The net neutrality rules were approved by the FCC in 2015 amid an outpouring of online support. The intention was to keep the internet open and fair.

Under the rules, internet service providers are required to treat all online content the same. They can't deliberately speed up or slow down traffic from specific websites or apps, nor can they put their own content at an advantage over rivals.

To take a classic example, this means Comcast can't just choose to slow down a service like Netflix (NFLX) to make its own streaming video service more competitive, nor can it try to squeeze Netflix to pay more money to be part of a so-called internet fast lane.

As Michael Cheah, general counsel at video site Vimeo, previously told CNNMoney: the point of the rules is "allowing consumers to pick the winners and losers and not [having] the cable companies make those decisions for them."


If there's one thing that both sides can agree on, it's that the internet is increasingly central to our lives. Any change to how it's regulated is a hot button issue. (Remember the uproar over repealing internet privacy protections earlier this year?)

"Everyone uses the internet and everyone uses these tech platforms," Michelle Connolly, a former FCC official who supports Pai, previously told CNNMoney. "So issues that are coming up right now, people are seeing from a very personal perspective."


The FCC is doing away with rules barring internet providers from blocking or slowing down access to online content. The FCC would also eliminate a rule barring providers from prioritizing their own content.

In the absence of a firm ban on these actions, providers will be required to publicly disclose any instance of blocking, throttling or paid prioritization. It will then be evaluated based on whether or not the activity is anti-competitive.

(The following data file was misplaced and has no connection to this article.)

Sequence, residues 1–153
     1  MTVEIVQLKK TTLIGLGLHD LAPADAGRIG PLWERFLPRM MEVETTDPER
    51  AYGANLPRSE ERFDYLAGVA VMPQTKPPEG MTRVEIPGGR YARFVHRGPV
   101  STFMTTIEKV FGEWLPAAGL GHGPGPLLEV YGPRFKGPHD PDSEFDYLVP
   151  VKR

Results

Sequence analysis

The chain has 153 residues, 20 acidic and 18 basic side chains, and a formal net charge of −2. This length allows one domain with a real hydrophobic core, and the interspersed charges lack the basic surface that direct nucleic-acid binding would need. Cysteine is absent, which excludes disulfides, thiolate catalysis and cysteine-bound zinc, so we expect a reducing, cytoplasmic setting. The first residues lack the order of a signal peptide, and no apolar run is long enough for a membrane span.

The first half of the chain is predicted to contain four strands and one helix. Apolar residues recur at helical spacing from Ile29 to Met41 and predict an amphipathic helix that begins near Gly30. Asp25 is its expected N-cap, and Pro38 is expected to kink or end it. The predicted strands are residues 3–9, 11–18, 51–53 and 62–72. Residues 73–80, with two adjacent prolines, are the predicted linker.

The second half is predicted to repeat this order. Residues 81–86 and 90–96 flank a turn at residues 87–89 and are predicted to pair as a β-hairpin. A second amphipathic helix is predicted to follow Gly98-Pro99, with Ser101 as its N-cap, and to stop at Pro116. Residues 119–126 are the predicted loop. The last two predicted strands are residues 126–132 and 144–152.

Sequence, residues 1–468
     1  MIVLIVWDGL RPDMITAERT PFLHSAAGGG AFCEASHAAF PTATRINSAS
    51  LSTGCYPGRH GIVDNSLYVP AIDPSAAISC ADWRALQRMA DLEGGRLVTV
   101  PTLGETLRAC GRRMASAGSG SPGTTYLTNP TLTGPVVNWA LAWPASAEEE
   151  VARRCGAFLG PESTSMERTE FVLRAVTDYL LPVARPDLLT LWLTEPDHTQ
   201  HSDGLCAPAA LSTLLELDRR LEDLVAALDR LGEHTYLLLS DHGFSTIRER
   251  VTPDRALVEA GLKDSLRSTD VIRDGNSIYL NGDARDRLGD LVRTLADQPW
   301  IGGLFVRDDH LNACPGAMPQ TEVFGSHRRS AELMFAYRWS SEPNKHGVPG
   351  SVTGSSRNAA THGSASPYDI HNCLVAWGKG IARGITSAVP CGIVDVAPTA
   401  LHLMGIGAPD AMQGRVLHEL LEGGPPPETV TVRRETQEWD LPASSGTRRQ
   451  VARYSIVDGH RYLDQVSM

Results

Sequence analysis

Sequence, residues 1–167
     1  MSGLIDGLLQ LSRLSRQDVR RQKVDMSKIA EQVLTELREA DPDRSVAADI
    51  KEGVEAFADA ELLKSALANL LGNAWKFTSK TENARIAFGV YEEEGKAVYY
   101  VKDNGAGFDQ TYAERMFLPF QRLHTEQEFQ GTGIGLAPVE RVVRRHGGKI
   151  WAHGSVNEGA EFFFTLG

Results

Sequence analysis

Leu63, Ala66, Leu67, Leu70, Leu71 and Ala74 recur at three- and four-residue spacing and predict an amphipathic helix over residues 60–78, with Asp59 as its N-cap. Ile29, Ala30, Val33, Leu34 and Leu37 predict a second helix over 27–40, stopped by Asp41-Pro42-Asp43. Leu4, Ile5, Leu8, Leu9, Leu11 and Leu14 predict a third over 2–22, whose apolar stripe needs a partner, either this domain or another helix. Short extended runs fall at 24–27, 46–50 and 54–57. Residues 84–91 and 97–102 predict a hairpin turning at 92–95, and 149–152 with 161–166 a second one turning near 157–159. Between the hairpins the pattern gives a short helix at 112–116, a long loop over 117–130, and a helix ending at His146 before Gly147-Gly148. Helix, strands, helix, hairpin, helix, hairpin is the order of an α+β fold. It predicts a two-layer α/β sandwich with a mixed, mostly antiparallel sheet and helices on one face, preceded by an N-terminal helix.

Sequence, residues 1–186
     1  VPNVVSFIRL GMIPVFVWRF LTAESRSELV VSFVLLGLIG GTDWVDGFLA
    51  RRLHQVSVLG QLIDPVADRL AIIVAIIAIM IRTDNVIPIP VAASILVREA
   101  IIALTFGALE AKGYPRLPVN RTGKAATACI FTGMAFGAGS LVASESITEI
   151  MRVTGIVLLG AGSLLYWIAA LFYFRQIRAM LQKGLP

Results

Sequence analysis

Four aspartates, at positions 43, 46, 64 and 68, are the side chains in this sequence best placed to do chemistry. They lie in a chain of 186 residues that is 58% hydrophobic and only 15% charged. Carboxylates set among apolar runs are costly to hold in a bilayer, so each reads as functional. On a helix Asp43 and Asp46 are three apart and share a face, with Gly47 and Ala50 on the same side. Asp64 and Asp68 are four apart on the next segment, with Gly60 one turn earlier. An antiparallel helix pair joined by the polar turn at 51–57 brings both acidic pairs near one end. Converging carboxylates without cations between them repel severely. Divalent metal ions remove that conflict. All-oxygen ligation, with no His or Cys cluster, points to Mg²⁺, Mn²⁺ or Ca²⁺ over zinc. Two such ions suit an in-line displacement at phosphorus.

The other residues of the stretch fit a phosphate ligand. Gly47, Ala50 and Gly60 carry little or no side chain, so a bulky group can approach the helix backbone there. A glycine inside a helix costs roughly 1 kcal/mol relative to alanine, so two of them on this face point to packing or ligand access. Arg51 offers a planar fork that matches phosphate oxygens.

As part of this shift, oversight of internet protections will shift from the FCC to the Federal Trade Commission.

Maureen K. Ohlhausen, the acting head of the FTC, said in a statement Monday that the agency is "committed to ensuring that Internet service providers live up to the promises they make to consumers."

But consumer advocacy groups are less than optimistic.

"Not only is the FCC eliminating basic net neutrality rules, but it's joining forces with the FTC to say it will only act when a broadband provider is deceiving the public," Chris Lewis, VP at Public Knowledge, a nonprofit that focuses on the open internet, said in a statement this week. "This gives free reign to broadband providers to block or throttle your broadband service as long as they inform you of it."


First, it's important to say what won't happen: Billion-dollar services like Netflix are not going to disappear overnight without net neutrality. They have large enough audiences and bank accounts to survive in a changing regulatory landscape.

Instead, net neutrality advocates worry how repeal will impact the next Netflix. Upstart companies may struggle to strike deals with providers and pay up to have their content delivered faster. That could fundamentally alter the future internet landscape.

The end of net neutrality: What it all means
by Seth Fiegerman @sfiegerman December 14, 2017: 2:33 PM ET

The repeal could change how customers are billed for services, both for good and bad. T-Mobile, for example, was criticized by net neutrality supporters for effectively making it cheaper for customers to stream videos from Netflix and HBO, putting other video services at a disadvantage.

Without net neutrality, internet providers may pursue similar offers more aggressively, which would likely be viewed as a positive by consumers looking to save money on their streaming media.

Yet, some fear it's also possible internet providers will one day begin charging customers more to access services like Netflix that are currently included as part of your monthly bill.


Not quite. It's very like this issue could end up being decided in court, or perhaps even by legislation in Congress.